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Why the tick season can be worse summer Covid-19



Sapi notes the mild winter on the east coast and says: “We have a bad year for the ticks.”

Hikers, campers and anyone else who is anxious about an escape could “just explode in the wild. And there may not be the same thought-provoking strategy” to prevent exposure, Dr. Sorana Segal-Maurer, Head of Dr. James J. Rahal, Jr. Division of Infectious Diseases of the NewYork-Presbyterian Queens Health Care System.

“I’m a little nervous that their guard may just be down,” she adds.

Outdoor crowds were so great around Memorial Day weekend that parks from Southern California to North Carolina had to close early after hitting capacity.

Warmer weather means it's time to be aware of ticking

Last year, the Centers for Disease Control and Prevention announced an increase in Lyme and other tick-borne diseases, with seven additional bacteria identified in the United States over the past two decades, while “Lone Star Signs” expanded its footprint beyond the southeast to the northern states and the Midwest.

The CDC’s guide to visiting parks and recreational facilities in the Covid-19 era includes avoiding crowded parks, staying at home if you are infected, and choosing parks closer to home to limit extra stops that pose an increased risk of infection.

But ignoring basic steps that reduce the risk of ticks and vector-borne diseases to focus solely on Covid-19 prevention is just a danger. Another is the possibility of confusing the symptoms if you start to feel ill.

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Warning signs for tick-borne diseases are “very similar to the severity we have seen with Covid-19, which is fever, muscle pain, headache, severe fatigue,” says Dr. Segal-Maurer.

She believes that a unique difference is that breathing problems are common in coronavirus patients, but not in those infected with tick-borne diseases. Yet this distinction is debated.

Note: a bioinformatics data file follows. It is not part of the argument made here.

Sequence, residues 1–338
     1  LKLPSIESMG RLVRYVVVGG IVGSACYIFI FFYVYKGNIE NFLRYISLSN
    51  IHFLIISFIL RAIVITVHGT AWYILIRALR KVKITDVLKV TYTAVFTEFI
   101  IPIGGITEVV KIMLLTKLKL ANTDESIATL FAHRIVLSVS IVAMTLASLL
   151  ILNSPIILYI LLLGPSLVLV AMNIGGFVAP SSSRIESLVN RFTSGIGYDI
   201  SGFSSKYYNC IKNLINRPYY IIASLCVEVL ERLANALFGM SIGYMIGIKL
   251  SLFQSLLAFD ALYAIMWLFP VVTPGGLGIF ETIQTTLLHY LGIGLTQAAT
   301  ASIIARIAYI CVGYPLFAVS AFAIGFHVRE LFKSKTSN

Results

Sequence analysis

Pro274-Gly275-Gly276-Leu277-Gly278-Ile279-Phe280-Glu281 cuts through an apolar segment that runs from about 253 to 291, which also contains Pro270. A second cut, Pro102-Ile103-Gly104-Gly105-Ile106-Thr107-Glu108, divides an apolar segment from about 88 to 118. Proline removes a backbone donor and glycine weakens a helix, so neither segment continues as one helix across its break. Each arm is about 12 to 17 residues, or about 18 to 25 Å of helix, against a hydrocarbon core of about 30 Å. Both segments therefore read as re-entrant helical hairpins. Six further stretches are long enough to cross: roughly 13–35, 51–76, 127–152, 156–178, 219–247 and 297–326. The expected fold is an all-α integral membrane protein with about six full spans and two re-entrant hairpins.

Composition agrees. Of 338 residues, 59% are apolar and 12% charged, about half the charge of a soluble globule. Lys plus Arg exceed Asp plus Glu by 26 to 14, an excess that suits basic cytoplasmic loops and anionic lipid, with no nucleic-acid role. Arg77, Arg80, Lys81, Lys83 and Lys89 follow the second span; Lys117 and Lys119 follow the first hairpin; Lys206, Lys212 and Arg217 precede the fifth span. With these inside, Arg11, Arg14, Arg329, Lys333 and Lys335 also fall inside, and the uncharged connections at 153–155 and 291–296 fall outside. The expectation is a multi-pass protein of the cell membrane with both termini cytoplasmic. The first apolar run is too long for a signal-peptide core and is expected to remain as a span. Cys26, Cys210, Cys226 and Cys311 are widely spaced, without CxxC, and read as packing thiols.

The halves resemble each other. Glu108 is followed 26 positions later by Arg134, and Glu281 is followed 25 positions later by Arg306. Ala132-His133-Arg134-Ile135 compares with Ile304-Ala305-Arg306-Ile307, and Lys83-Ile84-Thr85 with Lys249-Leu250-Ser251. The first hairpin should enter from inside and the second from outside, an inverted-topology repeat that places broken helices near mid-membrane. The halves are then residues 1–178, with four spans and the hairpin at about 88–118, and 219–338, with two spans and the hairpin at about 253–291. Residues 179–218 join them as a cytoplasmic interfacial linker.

“Pulmonary involvement, even fatal, has been documented in a number of tick-borne infections,” Dr. Steven Phillips from the Bay Area Lyme Foundation to CNN. “Although severe lung involvement with vector-borne infections is relatively uncommon, non-specific lung disorders, such as shortness of breath, are extremely common.”

The National Park Service, which welcomes more than 300 million people during a normal year, continues its “phased” reopening of land and services. It started a “Create Responsibly” campaign, reminding visitors not only about social distancing at paths, boat launches and parking spaces, but encourages guests to postpone difficult hikes or new activities, with first responders and others still busy with pandemic responses.
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Even if you follow Covid-19 tips, it is equally important to follow the tips to avoid biting. Dr. Segal-Maurer describes a “realistic” scenario if you are on a full hike: “You will all be pushing into the vegetation … you will just be a little out of the way.”

Ticks “hang from the tip of the grass or the leaf or the vegetation, and they have these little feelings that they … kind of shake out there. So the other you brush at, they get stuck on.”

Last month, Pennsylvania Secretary of Health announced Rachel Levine an increase in emergency room visits in recent months “related” to tick bites. “Some symptoms of Lyme disease, such as fever, chills and headaches, are similar to symptoms of COVID-19,” Dr. Levine in a statement and repeated what other experts say.

Go outside – but responsibly

Hikers walking along a paved trail in Utah's Zion National Park, Utah, which had been closed due to the pandemic.
As with coronavirus, the number of reported cases of Lyme disease is probably understaffed. While the CDC estimates 30,000 Americans contract Lyme each year, the federal agency notes that the latest estimates suggest that the actual number may be ten times higher, about 300,000.

Dr. Segal-Maurer says that healthcare professionals always need to ask patients about their travels and other activities. “You have to cover all your basics … we don’t want to be Covid-blinded.”

Patients should, in turn, also ask about both options.

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And when it comes to protecting yourself from ticks, she says, “You have to use DEET. It has to be 30%. You have to look where you are walking. And then you have to do a body check when you come in again.”

Dr. Phillips prefers permethrin, which he says is stronger, but “can only be sprayed on clothes, not on skin, and should be allowed to dry overnight before wearing.”

Other tips include wearing hats, bright clothing to make ticks easier to spot, placing socks over your pants and choosing long-sleeved shirts to prevent ticks from getting close to your skin.

Of course, it is in addition to wearing a mask to fight the spread of coronavirus.

Even with the extra hassle of a safer summer trip, Dr. Segal-Mauer people to go outside this summer because she thinks “it’s been such a traumatic several months. I think the great outdoors is a very healing place.”


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